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Eur J Gen Pract. 2008;14 Suppl 1:25-7. doi: 10.1080/13814780802436077.

All in the family: times are changing.

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  • 1Department of General Practice, Radboud University Nijmegen Medical Centre, Nijmegen, The Netherlands.



General practitioners are familiar with the fact that individual use of care is determined by the family. This paper describes to what extent patterns found in the 1970s can still be replicated in the early 21(st) century, analyzing the impact of the family on frequency of presenting minor illnesses in general practice.


We used the data of the families in the CMR database during two five-year periods: 1971-1975 and 2001-2005. All episodes of minor illness were registered using the same classification criteria in both studies. The population under study was divided in low and medium/high social class. Pearson correlation coefficients and a hierarchical linear model were used to analyse the impact of family on the frequency of presenting minor illnesses.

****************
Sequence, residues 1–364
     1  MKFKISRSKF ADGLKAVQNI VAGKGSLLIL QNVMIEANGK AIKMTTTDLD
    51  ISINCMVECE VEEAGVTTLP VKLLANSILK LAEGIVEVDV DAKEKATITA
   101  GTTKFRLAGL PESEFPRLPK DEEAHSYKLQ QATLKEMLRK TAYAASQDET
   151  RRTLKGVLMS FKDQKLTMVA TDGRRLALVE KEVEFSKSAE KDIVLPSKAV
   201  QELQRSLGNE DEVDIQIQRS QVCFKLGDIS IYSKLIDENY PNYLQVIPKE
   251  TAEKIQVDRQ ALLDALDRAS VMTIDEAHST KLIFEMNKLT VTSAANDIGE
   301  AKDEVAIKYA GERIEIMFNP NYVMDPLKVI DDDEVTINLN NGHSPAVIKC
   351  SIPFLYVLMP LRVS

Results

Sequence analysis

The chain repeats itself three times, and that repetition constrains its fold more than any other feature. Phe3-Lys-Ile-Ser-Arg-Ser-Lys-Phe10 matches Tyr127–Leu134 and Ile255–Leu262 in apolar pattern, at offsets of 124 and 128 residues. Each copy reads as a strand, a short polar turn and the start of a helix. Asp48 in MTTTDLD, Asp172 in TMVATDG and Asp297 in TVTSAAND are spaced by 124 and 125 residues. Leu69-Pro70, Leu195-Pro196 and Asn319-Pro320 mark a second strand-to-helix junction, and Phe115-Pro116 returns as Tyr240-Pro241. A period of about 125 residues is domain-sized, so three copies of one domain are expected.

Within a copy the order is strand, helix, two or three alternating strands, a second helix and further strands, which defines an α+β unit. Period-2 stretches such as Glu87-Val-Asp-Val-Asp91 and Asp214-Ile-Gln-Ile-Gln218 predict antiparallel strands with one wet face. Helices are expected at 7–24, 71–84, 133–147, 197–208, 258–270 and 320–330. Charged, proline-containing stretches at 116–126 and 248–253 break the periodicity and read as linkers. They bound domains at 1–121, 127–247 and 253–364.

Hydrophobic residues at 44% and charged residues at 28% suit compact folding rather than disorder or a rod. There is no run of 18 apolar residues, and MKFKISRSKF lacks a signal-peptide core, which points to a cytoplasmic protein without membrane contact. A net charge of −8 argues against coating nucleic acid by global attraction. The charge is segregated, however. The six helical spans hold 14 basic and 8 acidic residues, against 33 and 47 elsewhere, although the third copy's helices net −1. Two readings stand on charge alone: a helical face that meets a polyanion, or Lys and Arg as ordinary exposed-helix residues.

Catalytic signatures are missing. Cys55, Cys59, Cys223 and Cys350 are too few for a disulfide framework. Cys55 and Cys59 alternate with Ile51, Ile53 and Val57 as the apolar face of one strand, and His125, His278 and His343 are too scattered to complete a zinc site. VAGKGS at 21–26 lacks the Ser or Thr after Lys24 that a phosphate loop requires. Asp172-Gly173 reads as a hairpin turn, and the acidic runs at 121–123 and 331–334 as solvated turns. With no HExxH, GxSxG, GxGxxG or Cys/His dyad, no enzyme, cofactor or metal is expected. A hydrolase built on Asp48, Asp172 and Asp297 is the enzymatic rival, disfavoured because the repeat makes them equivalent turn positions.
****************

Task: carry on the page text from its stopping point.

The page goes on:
Correlations between parents (M/F) were stronger in 1971-1975 than in the 2001-2005 period. The influence of the family on presenting minor illness in general practice has decreased from 27.7 to 20.3%.


Though the influence of the family on presenting minor illness in general practice has decreased, nowadays (2001-2005) still we found strong correlations between family members in presenting morbidity to the GP.

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